Homestead Exemptions Across the States

A homestead is the primary residence owned and lived in by a person or a family. A homestead exemption protects at least part of the value of the homestead from creditors. Texas and a few other states, as the second column in the table below shows, provide unlimited protection up to the full value of a home. In Texas, no creditors except a mortgage holder, a taxing authority, or the holder of a note for a home improvement loan may force the sale of a family home to satisfy nonpayment of debt. Most states set a maximum level of homestead protection, but some, like Pennsylvania, provide no state homestead protection at all.

Whether states protect homesteads or not, new federal bankruptcy provisions passed in 2005 cap the exemption at $125,000 for residences bought within three years and four months of a bankruptcy filing. Because Texas law permitted Enron executives charged with the company's collapse to protect multi-million dollar mansions, federal law now also mandates the $125,000 cap for debtors convicted of securities law violations. Moreover, if homeowners fraudulently convert nonexempt assets to buy a home, the exemption is reduced by the amount of fraud.

State Exemption Conditions
Florida Unlimited One-half acre in city or up to 160 acres in rural area.
Iowa Unlimited One-half acre in city or up to forty acres elsewhere.
Kansas Unlimited One city acre or up to 160 acres elsewhere.
Oklahoma Unlimited  
South Dakota Unlimited One city acre or up to 160 acres elsewhere.
(Texas) Unlimited Ten acres anywhere; home equity loans legalized in 2003 and subject to foreclosure.
Massachusetts $300,000  
Minnesota $200,000 $500,000 if chiefly agricultural use; one-half city acre or up to 160 acres elsewhere.
Nevada $200,000  
Rhode Island $200,000  
Arizona  $150,000  
Montana $100,000 Farmland up to 320 acres or one-quarter acre in city or one acre elsewhere.
New Hampshire $100,000  
North Dakota $80,000  
Connecticut $75,000 Up to $125,000 for judgments due to hospital expenses.
Mississippi $75,000 160 acres or less.
Vermont $75,000  
Alaska $54,000  
California $50,000 Limit is $50,000 for a single person, $75,000 for a couple, $125,000 if 65 or older, or physically or mentally disabled, or $150,000 if 55 or older, and single earning under $15,000, or married and earning under $20,000.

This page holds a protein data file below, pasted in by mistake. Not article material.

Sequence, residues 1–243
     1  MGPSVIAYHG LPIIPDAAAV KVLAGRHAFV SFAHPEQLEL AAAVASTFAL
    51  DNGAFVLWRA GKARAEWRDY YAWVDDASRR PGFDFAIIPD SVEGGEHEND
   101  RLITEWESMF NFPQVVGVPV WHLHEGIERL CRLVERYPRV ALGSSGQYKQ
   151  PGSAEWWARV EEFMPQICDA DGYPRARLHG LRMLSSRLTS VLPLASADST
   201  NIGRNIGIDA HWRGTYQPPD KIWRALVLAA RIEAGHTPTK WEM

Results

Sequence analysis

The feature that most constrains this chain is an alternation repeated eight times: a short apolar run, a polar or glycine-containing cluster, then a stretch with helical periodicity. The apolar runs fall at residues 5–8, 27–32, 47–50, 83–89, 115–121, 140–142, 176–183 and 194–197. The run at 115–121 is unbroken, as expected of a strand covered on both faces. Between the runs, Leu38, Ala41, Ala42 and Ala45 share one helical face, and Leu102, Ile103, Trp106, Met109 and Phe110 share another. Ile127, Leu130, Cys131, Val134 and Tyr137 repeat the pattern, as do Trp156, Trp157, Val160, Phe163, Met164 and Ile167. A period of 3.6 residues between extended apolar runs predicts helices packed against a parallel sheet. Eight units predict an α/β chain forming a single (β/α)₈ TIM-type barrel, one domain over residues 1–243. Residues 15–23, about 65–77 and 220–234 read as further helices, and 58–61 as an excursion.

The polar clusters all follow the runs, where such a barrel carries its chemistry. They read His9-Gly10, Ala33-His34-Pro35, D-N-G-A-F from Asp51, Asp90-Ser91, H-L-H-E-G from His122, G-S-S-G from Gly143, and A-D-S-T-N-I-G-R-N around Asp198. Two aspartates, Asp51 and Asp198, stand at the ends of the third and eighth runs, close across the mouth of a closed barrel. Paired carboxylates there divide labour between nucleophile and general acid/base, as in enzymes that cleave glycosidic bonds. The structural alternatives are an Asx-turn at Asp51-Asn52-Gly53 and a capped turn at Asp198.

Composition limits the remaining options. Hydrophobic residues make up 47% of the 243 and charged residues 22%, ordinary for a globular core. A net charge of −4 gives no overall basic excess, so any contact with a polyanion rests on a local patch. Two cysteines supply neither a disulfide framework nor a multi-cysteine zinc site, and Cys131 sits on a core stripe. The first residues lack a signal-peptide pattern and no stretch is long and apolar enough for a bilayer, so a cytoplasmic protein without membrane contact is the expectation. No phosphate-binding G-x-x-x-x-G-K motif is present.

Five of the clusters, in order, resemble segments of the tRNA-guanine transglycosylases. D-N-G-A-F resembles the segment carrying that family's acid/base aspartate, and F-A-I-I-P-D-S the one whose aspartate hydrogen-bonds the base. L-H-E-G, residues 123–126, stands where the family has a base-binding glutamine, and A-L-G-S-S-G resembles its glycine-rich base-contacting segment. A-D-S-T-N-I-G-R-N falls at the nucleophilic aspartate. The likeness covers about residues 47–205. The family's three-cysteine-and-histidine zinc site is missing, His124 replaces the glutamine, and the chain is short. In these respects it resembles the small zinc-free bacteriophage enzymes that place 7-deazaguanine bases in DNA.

Idaho $50,000  
Colorado $45,000 For occupied residence.
Washington $40,000  
Wisconsin $40,000  
Maine $35,000 Doubles for couples; $70,000 for 60 and over or disabled.
New Mexico $30,000 Doubles for couples.
Louisiana  $25,000 Five city acres or up to 200 acres elsewhere; full value exempt for one year due to medical expenses from terminal illness.
Oregon $25,000 $33,000 for couples; one city block or up to 160 acres elsewhere.
West Virginia $25,000  
Hawaii $20,000 Up to $30,000 for head of household or 65 and over; exempts up to one acre.
Utah $20,000 Doubles for couples.
Missouri $15,000  
Nebraska $12,500 Two city lots or up to 160 acres elsewhere.
Georgia $10,000 Doubles for couples.
New York $10,000  
North Carolina $10,000  
Wyoming $10,000 Doubles for couples.
Indiana $7,500 Maximum of $10,000 including personal property.
Alabama $5,000 Up to 160 acres; amount doubles for couples.
Delaware $5,000 Doubles for couples.
Illinois $5,000  
Kentucky $5,000  
Ohio $5,000  
South Carolina $5,000 Doubles for couples.
Tennessee $5,000 $7500 for couples.
Virginia $5,000 An additional $500 per dependent.
Michigan $3,500 One city lot or up to 40 acres elsewhere.
Arkansas $2,500 Up to 160 acres but may not be reduced to less than 80 acres no matter the value.
Maryland No Exemption  
New Jersey No Exemption  
Pennsylvania No Exemption  

Source: State Statutes. (full source)